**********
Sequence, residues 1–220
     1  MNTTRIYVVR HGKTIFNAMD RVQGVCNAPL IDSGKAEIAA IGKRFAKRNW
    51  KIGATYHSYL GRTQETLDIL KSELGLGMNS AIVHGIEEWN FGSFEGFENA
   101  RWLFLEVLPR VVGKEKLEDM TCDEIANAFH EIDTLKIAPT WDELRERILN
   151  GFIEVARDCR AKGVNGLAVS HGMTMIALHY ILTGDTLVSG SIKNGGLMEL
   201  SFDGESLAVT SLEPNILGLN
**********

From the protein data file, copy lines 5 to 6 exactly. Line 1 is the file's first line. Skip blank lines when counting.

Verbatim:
   151  GFIEVARDCR AKGVNGLAVS HGMTMIALHY ILTGDTLVSG SIKNGGLMEL
   201  SFDGESLAVT SLEPNILGLN